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Get the Personal Deficiency Judgment or Be Twice Vexed

00089063     By Erin Showerman

It has long been the law in Illinois that a mortgagee may pursue a foreclosure action and bring a lawsuit on the note consecutively or concurrently. Farmer City State Bank v. Champaign National Bank, 138 Ill. App. 3d 847 (1985). The principle has been useful to lenders seeking to circumvent foreclosure obstacles by separately filing a foreclosure and a claim for recovery on the note. However, a recent appellate court case has held that lenders who fail to obtain a deficiency judgment after asserting their right to one in a foreclosure action are barred from later seeking a deficiency judgment on the underlying note.

In LSREF2 Nova Investments III, LLC v. Michelle Coleman, the lender filed a complaint to foreclose its mortgage and obtained a judgment of foreclosure and sale that stated that it was entitled to a deficiency judgment against Coleman. Nonetheless, when the foreclosure court confirmed the judicial sale of the property the order only provided for an in rem deficiency judgment instead of a personal deficiency judgment. LSREF2 then filed a complaint seeking to enforce the promissory note against Coleman.

Coleman moved to dismiss the suit arguing that it was barred by the doctrine of res judicata. The appellate court agreed finding that the complaint to foreclose the mortgage explicitly sought a personal deficiency judgment against Coleman, that the Illinois Mortgage Foreclosure Law (“IMFL”) allowed for a personal money judgment to be entered against a defendant in a foreclosure action and that the judgment of foreclosure and sale entitled the lender to a deficiency judgment after the sale of the property. LSREF2 Nova Investments III, LLC v. Coleman, 2015 IL App (1st) 140184, ¶14-15. The lender’s failure to obtain an in personam deficiency judgment as requested in the foreclosure complaint barred its ability to recover the amount of the deficiency in a separate suit because the claim for deficiency could have been decided in the foreclosure action. Id. at ¶16.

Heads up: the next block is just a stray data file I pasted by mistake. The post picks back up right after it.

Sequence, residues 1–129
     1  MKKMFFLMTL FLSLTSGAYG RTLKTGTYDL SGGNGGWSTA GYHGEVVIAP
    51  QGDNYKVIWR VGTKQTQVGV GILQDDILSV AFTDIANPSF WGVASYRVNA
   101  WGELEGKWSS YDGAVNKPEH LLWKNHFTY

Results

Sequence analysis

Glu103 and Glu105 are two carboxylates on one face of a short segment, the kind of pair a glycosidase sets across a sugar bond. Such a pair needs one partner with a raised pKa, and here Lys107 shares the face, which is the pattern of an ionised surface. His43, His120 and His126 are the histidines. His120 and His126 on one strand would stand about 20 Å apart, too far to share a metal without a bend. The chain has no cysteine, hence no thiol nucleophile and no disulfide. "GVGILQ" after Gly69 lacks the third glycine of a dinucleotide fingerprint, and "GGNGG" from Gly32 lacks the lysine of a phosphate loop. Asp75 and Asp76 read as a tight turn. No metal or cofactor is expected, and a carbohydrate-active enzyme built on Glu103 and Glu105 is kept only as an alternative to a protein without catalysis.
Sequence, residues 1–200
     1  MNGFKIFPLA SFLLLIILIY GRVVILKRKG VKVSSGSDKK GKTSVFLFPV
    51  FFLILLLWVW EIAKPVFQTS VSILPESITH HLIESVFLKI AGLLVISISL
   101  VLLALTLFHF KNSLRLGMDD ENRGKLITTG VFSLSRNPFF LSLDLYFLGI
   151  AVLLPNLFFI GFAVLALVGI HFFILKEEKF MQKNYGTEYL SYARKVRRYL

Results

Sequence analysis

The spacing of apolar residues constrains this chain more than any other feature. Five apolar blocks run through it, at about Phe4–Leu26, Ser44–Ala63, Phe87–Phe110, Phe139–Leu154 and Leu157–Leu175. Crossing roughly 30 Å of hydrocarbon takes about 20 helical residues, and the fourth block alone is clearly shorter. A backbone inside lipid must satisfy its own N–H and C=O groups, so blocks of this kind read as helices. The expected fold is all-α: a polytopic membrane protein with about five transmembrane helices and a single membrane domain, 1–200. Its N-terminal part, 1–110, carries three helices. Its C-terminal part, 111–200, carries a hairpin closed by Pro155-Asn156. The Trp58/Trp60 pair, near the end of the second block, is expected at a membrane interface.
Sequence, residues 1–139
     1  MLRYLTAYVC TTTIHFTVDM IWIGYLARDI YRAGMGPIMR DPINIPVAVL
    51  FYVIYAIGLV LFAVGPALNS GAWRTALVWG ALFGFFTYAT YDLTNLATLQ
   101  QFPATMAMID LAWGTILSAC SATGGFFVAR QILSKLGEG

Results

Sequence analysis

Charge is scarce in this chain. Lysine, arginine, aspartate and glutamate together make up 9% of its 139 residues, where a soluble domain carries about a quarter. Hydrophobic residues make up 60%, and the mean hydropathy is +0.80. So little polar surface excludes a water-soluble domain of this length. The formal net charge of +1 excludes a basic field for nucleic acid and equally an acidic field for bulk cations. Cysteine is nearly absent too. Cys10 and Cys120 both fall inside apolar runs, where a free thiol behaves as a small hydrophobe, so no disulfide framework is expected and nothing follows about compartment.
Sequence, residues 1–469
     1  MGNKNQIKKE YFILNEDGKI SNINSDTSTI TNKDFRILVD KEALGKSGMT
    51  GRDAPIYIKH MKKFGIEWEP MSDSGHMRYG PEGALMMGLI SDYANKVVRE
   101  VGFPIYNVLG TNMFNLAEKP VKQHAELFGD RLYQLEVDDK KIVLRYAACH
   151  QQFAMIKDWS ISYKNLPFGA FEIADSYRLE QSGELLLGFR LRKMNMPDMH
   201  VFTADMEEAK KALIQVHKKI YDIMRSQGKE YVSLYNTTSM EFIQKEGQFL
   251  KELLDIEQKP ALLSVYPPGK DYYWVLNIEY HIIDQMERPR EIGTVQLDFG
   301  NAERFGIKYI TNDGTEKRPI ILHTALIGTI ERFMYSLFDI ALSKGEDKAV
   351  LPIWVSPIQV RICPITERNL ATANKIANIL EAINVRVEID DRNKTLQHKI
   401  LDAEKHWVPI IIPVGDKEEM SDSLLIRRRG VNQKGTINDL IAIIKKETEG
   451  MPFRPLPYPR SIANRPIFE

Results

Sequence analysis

The appellate court based its reasoning on the Illinois Supreme Court decision Skolnik v. Petella, a factually similar matter where the court found that “neither the parties nor the courts may be twice vexed with the same cause of action.” Skolnik v. Patella, 376 Ill. 500 (1941). Lenders should be careful to properly assert and protect their right to a personal deficiency judgment in a foreclosure action by complying with the requirements of the IMFL and local rules or risk losing the ability to pursue it in a later suit.

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